The Hmong Find Miracle in Florida’s Healing Waters

Lithia, FL – A secret hidden from the world is seated along the Alafia River in Lithia, Florida, although not really a secret to Hmong people.  In this small quiet town of less than 8,600 people is home to a 268 acre park which houses various plant communities, river cypress swamps, hardwood hammocks, and is also home to what the Hmong believe is a natural healing spring.  The Hmong people believe the water has healing powers and it washes away any impurities and pollutants.  People of Hmong ethnicity are traveling from all over the world to swim in this fountain of youth.

Nhia Yia Xiong is the first Hmong person to have swam in this natural healing spring. “When I living in Minnesota, I go emergency hospital one time every week, since I coming to swim in the water I not go to hospital one time,” explains Xiong.  After learning of the power of Lithia Springs, Xiong spread the word through Hmong conference lines that he participates in every day.

To the rest of the world this is just an 82 acre sinkhole beneath sea level that pumps out water.  Nearby resident, Hue G. Johnson, say it’s a nice swim spot but does not believe it has the powers to heal.  Johnson, who lives a half mile from the park, says, “Two years ago I contracted an STD from a neighborhood girl, and I didn’t have health insurance to see a doctor.  I spent $12 total for the six entry fees to be healed by this natural spring. Unfortunately it did not work for me, but whenever I’m in the water I felt free and clean.  No more itching until I get out.”

Mai Lee Yang Thao has been coming to swim in Lithia Springs for the past 10 years.  “My parents first visited when we lived in Michigan. I was skeptical at first but when I first saw my parents happier and healthier, I decided to give it a try.  I took a dip into the water.  The next day when we returned, I felt immediate excitement, weightlessness, and euphoria. I met the love of my life that day.  My husband was 15 years older than me, had 3 kids already, and two failed attempts at bringing his Lao wife to the United States as they mysteriously disappeared.  I believe the water’s healing powers helped me spiritually and allowed me to see through all his baggage for the person that he really is.  I also lost 50 lbs, my face wrinkles faded, and my boobs increased two cup sizes.”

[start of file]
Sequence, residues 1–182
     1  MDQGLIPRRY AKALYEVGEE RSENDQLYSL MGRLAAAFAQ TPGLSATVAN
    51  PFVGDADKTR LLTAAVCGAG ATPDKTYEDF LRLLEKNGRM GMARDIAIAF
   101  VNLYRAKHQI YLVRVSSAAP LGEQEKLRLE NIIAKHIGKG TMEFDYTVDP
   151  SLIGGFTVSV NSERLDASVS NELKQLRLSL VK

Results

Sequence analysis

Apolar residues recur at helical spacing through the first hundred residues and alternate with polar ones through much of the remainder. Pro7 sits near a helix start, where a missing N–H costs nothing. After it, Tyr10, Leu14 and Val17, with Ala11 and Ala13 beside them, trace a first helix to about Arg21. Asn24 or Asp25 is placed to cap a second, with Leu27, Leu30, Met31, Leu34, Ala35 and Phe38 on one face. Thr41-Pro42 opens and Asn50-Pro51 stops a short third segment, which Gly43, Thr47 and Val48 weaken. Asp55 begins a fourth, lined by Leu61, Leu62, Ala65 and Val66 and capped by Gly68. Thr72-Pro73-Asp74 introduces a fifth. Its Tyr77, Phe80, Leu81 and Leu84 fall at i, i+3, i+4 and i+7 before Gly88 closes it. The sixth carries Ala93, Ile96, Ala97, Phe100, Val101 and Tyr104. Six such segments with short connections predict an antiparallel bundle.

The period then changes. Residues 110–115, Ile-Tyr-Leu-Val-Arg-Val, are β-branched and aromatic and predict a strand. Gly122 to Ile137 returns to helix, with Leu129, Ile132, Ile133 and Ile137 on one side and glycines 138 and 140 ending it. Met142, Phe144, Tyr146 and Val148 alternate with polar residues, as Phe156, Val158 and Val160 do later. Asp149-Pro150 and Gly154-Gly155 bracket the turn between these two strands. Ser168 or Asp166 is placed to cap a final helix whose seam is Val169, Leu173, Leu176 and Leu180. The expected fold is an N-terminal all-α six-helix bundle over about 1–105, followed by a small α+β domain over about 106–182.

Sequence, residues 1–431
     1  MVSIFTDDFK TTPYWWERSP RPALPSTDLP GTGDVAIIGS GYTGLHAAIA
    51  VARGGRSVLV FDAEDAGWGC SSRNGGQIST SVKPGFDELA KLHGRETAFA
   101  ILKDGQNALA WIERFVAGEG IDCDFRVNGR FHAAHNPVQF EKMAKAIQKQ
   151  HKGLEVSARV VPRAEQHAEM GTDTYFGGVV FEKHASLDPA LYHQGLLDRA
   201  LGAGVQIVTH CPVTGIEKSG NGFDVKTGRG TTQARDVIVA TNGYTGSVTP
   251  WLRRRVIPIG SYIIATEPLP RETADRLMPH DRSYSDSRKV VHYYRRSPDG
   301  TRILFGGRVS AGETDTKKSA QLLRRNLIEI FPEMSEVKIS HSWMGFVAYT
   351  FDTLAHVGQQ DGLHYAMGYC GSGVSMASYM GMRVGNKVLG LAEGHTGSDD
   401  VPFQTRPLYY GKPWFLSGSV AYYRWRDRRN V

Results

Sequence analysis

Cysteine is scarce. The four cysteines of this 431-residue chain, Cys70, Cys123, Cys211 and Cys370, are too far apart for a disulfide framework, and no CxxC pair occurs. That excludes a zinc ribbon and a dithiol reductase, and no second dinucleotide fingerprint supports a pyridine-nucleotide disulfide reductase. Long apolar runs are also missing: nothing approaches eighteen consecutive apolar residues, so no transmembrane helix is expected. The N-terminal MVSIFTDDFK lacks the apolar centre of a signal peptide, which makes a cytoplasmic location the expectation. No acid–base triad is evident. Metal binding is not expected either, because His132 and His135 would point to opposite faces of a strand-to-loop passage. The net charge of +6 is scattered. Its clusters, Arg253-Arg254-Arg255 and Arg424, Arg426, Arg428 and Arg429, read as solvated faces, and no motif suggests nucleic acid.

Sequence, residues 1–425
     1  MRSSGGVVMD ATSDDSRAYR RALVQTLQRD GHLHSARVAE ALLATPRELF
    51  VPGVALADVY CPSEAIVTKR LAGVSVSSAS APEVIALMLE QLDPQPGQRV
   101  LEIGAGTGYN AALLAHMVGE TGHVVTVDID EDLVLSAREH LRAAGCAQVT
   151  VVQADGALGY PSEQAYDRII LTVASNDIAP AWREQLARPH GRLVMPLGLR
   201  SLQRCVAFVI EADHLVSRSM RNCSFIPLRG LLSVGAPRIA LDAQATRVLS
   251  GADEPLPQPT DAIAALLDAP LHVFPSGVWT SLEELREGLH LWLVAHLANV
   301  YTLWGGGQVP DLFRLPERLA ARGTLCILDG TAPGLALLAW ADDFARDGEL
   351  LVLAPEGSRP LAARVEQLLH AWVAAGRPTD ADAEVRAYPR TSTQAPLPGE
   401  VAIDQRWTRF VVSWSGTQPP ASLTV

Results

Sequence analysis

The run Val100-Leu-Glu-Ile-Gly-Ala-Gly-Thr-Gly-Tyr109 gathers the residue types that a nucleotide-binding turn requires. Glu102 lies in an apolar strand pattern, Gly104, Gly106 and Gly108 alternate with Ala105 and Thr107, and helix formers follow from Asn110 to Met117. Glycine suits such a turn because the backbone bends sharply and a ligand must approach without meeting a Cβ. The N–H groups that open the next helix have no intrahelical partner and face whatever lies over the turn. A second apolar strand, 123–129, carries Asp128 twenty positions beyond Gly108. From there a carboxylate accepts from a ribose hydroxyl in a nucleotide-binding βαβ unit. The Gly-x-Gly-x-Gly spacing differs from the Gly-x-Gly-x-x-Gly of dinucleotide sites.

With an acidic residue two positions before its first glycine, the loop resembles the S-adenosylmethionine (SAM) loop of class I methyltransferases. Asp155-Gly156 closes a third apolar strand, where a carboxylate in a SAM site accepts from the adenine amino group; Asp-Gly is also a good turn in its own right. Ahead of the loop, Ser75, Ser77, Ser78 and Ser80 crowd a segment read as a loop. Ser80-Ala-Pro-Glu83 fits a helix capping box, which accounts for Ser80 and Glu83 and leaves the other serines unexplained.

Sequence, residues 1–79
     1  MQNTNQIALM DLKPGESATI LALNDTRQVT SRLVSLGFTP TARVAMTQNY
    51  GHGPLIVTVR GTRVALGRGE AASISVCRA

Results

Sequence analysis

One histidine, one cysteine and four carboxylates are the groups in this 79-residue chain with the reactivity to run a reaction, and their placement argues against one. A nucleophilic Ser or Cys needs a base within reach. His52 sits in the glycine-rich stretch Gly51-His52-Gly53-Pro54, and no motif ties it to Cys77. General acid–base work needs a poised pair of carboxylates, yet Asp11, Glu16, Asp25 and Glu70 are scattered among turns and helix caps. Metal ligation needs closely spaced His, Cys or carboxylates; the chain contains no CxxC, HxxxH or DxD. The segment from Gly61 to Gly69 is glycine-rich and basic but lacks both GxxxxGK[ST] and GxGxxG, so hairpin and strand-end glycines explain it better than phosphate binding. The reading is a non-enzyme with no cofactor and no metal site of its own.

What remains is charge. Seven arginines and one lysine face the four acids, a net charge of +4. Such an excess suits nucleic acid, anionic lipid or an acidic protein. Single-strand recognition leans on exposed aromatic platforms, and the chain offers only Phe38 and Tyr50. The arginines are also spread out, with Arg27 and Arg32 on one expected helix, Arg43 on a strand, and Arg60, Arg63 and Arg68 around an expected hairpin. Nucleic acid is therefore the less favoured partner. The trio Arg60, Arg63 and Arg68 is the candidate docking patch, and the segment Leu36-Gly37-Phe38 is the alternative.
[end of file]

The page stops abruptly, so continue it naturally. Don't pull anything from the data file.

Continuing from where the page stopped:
Whatever magical healing power that is in the waters of that spring is still unknown, as biologists have surveyed and tested the water quality.  Mike Hunt of the Florida Water Works states that the spring is as clean as any other body of water.  “There are no alarming levels of toxic contaminants aside from the increased concentrations of this unknown substance that we’ve yet to determine.  But since people are still swimming in it, it should be okay.” ■

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Written by Zaub Qaub

They say he still holds the Midwest's record for growing the largest cucumber, but he modestly claims "it's really not that big" as he tucks it into his pant legs. ZQ is dedicated to feeding the world with veggies from his garden. You can find him at most farmer's markets, looking for the freshest leaves to toss his salad.

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